Monday, July 16, 2018


Views and perspectives are what it's all about in the park at Versailles. Grand tree-lined allées stretch in every direction, almost as far as the eye can see. Tall, immaculately trimmed hedges define pathways to and from the château. It would be interesting to see what it all looked like while it was being created, before the trees and hedges were mature.

A glimpse of the château's north wing from out in the park.

My friend Sue had a memory of seeing Marie Antoinette's hamlet, the queen's little fantasy escape from the exigencies of life in the royal court, and she wanted to see it again. We made our way through the allées toward the Trianon complex on the northern end of the park. The Grand Trianon was the retreat of the king. Nearby is the Petit Trianon, a refuge for the queen. There, Marie Antoinette (wife of King Louis XVI at the time of the French Revolution) remade this section of Versailles as her own personal space, a place where she could leave the rigors of court life behind and relax with her small circle of closest and most trusted friends.

A tree-lined allée. We had to turn around at the end because the path from here to the Trianon complex was closed off.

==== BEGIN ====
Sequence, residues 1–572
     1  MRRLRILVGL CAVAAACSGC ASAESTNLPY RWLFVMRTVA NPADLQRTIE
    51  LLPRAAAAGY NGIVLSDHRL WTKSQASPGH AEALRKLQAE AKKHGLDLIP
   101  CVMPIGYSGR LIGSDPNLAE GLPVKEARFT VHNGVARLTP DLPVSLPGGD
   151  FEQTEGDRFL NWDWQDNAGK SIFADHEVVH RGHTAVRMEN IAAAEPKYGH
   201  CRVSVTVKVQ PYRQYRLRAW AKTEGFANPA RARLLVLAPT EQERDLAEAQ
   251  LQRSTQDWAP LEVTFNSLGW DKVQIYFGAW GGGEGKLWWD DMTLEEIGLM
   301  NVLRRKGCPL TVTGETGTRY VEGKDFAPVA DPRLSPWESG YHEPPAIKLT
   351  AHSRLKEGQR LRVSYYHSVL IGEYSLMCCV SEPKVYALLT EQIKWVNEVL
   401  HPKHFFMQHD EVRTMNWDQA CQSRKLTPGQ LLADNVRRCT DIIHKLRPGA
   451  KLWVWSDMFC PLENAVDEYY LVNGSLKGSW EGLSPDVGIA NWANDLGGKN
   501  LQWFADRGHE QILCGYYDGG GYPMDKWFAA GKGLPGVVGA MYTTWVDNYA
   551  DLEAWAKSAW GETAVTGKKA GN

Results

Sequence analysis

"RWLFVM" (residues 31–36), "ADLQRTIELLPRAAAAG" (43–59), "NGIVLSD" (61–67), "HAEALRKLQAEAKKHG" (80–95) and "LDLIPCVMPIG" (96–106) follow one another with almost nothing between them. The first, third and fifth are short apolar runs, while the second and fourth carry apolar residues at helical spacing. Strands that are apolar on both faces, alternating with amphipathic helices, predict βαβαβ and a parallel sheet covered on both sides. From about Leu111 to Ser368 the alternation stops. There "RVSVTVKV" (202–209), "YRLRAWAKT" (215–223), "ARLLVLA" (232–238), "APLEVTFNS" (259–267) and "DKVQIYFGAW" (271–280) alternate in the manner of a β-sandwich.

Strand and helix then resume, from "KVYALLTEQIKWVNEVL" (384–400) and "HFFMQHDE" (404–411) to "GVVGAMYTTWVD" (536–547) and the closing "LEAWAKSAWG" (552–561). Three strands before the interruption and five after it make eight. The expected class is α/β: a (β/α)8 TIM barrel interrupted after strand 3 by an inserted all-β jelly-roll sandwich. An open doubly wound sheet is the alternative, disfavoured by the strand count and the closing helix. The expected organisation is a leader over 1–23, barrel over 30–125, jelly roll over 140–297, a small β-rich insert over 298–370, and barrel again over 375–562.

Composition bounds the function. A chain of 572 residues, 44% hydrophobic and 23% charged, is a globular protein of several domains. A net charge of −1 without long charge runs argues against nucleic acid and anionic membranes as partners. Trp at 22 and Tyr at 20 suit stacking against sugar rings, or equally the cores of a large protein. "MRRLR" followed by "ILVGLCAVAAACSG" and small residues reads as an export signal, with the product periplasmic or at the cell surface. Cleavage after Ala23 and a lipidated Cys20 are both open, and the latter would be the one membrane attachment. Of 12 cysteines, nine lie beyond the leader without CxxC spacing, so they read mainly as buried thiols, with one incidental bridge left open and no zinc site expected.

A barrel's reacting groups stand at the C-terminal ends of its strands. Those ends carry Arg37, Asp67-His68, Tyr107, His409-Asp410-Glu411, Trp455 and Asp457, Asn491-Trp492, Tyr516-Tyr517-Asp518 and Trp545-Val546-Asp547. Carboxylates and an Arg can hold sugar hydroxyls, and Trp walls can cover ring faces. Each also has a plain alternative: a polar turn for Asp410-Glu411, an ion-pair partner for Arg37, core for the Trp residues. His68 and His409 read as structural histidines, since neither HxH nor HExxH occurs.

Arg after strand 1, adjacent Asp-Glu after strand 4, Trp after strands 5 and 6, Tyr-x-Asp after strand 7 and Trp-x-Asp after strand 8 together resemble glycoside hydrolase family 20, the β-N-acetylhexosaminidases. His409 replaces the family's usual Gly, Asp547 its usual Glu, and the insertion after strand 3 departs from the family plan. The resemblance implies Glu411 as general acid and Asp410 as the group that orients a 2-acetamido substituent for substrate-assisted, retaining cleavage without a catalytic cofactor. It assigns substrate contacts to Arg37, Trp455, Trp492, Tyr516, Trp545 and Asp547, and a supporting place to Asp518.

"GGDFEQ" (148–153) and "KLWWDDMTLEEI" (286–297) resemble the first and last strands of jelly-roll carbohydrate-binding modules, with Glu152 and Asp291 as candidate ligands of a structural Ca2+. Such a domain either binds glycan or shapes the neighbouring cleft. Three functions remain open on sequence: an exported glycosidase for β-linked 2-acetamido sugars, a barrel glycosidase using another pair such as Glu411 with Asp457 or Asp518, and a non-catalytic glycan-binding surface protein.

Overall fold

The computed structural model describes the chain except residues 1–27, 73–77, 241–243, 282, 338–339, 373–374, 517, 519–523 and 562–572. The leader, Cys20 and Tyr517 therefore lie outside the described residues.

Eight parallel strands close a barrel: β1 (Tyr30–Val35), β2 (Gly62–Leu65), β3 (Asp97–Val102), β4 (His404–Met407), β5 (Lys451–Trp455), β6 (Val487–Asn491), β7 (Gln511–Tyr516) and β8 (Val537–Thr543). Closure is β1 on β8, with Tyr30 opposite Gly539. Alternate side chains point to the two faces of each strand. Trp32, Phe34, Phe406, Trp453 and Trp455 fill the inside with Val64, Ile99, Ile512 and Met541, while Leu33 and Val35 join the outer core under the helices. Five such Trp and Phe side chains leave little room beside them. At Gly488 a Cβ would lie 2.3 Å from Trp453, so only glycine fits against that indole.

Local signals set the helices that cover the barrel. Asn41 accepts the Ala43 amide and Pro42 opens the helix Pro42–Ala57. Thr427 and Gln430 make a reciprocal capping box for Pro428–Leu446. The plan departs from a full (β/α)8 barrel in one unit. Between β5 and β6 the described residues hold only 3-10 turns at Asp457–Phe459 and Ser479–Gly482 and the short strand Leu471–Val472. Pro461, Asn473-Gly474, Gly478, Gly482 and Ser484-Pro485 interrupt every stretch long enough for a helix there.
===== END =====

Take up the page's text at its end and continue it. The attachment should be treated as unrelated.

She had the royal greenhouses destroyed and built an English style garden in their place. She built a small theater where she could play-act on stage. She also had a small farm constructed, complete with livestock and vegetable gardens. Next to the farm she built her hameau (hamlet), a fairy tale village where she could pretend to a peaceful peasant life, albeit a very luxurious one. More about that in the next post.


  1. Money spent on every little desire. No wonder there was a revolution.

  2. I'm enjoying this segment since I've never made it to the hamlet.

  3. sheila, let them eat cake!

    evelyn, I don't have many photos, but I'll post what I have.


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